Over time, Zionist propaganda became more fervent in its resort to labelling anyone hostile to the Zionist project as a Jew hater and a contin6uator of the Nazis. Two examples, among others, are Gamal Abdel Nasser, and after him Yasser Arafat, both depicted by that propaganda as counterparts of Adolf Hitler. This equation reached the height of absurdity and grotesque in the response of Menachem Begin, leader of the Likud Party whose fascist roots are well known, and Israeli Prime Minister when the Zionist army invaded Lebanon in 1982, to Ronald Reagan, then President of the United States who, in a letter to Begin, had expressed his concern about the fate of the civilian population in besieged Beirut. In his response, Begin wrote: “I feel as a Prime Minister empowered to instruct a valiant army facing ‘Berlin’, where, amongst innocent civilians, Hitler and his henchmen hide in a bunker deep beneath the surface.”

The zeal of Zionist propaganda increased in its resort to accusations of anti-Semitism and comparisons to Nazism, as the image of the Zionist state became more degraded in international public opinion, and Western public opinion in particular. The fact is that this image has steadily deteriorated as the State of Israel has moved from the myth of a state redeeming the Nazi extermination of the Jews and run by pioneers of a socialist dream led by a “workers’ party”, to the reality of an expansionist militaristic state, led by the far right. This image transformation accelerated with the Israeli occupation of Lebanese territories (1982-2000) and the suppression of the first intifada in the occupied territories in 1967, which reached its peak in 1988, and later with the repeated bloody and destructive attacks on the Gaza Strip, starting with the “Gaza massacre” in 2009.

As the image of the Zionist state declined, its supporters’ propaganda focused on rejecting any radical criticism of it by accusing it of antisemitism. In 2005, some pro-Israel circles formulated a definition of antisemitism that included “examples” such as “comparisons of contemporary Israeli policy to that of the Nazis” (meaning that the comparison by the Zionists between several of their Arab enemies and Nazism is acceptable, just as the comparison between any state and Nazism is, except for the Zionist state, whose comparison with Nazism constitutes a form of antisemitism simply because it is “Jewish”) and “claiming that the existence of a State of Israel is a racist endeavour” (in other words, describing any project that aims to create a state on the basis of racial or religious discrimination as racist is acceptable, except for the “Jewish State” project, for which that label is taboo).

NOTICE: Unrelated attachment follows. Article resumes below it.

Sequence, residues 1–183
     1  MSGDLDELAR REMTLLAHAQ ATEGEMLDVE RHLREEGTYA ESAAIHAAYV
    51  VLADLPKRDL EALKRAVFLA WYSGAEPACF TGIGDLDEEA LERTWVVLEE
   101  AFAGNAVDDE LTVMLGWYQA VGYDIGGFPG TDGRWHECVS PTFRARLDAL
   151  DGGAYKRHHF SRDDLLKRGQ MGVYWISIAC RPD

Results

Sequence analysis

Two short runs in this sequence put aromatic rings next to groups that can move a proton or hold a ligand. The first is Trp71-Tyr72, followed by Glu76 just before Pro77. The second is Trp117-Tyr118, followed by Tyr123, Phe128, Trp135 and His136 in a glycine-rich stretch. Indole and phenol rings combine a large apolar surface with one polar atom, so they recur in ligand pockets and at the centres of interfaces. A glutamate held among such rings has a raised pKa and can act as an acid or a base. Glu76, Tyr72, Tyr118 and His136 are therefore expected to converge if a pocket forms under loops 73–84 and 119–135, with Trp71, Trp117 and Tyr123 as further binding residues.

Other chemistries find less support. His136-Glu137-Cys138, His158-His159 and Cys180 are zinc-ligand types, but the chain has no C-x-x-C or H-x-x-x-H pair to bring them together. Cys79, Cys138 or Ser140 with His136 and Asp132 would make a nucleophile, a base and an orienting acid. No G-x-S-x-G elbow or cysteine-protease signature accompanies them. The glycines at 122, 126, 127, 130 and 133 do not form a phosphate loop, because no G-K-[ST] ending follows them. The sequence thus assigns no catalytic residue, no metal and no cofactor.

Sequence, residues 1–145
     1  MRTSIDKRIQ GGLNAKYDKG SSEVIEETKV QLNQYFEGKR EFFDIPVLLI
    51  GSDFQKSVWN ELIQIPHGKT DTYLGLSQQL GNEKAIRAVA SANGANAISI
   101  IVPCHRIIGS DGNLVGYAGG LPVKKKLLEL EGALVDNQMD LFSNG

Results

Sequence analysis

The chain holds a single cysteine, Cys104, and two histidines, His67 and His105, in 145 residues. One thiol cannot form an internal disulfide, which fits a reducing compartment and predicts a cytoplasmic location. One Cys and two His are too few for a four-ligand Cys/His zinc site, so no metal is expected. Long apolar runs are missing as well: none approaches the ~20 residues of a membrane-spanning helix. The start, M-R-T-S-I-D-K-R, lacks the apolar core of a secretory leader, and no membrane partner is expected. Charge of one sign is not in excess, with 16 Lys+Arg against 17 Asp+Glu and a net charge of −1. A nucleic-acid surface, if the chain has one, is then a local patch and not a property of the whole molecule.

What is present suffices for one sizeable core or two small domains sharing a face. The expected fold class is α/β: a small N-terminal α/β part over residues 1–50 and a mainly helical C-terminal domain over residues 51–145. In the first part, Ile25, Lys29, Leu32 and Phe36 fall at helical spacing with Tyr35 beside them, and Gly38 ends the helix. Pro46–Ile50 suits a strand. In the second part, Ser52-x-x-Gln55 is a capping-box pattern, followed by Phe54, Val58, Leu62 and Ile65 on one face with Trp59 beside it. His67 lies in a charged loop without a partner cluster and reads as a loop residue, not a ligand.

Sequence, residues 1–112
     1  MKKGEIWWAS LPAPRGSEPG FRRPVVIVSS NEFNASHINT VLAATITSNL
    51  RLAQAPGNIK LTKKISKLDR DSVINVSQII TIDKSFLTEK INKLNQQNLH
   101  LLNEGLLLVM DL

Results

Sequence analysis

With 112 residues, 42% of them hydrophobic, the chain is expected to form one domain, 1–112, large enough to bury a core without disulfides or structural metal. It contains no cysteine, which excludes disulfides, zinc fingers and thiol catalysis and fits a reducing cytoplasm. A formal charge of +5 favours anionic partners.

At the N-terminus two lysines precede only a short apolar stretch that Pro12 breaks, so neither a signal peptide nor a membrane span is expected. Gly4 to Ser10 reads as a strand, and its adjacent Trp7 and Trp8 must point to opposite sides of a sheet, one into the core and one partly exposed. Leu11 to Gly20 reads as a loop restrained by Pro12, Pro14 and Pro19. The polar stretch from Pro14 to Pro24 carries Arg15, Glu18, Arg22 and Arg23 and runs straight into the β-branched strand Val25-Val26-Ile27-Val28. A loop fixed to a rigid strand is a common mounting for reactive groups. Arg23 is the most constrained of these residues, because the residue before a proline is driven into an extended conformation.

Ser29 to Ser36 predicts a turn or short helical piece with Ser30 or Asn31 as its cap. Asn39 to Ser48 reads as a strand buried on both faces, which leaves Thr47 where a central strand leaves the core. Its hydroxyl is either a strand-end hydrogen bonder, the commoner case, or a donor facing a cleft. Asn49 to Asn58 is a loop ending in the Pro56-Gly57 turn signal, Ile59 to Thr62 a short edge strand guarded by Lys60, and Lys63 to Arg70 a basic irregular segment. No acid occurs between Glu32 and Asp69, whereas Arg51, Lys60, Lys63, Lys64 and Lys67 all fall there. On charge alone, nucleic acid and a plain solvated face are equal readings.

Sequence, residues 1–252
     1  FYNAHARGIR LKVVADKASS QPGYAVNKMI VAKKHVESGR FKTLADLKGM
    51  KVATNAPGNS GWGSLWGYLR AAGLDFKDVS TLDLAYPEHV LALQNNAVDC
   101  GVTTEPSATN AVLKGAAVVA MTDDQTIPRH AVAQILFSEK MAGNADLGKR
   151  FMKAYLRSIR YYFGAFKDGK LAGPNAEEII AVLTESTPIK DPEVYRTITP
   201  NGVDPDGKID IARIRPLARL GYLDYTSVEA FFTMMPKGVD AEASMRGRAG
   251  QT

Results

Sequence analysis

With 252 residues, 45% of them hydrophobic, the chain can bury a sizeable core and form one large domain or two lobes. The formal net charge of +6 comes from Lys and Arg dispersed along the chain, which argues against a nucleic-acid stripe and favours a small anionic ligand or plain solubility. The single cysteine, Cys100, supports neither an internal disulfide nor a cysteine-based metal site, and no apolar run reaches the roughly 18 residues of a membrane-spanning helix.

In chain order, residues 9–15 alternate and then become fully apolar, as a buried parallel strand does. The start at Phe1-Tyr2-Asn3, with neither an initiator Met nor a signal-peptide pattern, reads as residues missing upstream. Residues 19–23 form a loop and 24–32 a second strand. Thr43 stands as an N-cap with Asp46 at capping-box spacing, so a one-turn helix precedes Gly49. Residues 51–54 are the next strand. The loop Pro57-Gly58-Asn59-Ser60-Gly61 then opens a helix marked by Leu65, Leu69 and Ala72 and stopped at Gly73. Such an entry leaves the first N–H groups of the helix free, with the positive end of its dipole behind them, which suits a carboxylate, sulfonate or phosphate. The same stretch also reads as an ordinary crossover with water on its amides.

In 2016, the International Holocaust Remembrance Alliance (IHRA) adopted that definition, prior to a campaign it launched in various Western countries, calling on them to officially adopt it to stifle criticism of Zionism. The campaign succeeded in getting the parliaments of countries such as Germany and France to adopt the definition. It culminated in an attempt to get the UN General Assembly to adopt the same definition. This attempt failed, however, especially after the Special Rapporteur on contemporary forms of racism advised in October 2022 against adopting the IHRA definition. Of course, the fervour among the supporters of the Zionist state has returned and reached frenzied forms in the face of the current escalation of global condemnation of the genocidal war that the Zionist state has been waging in Gaza for seven months.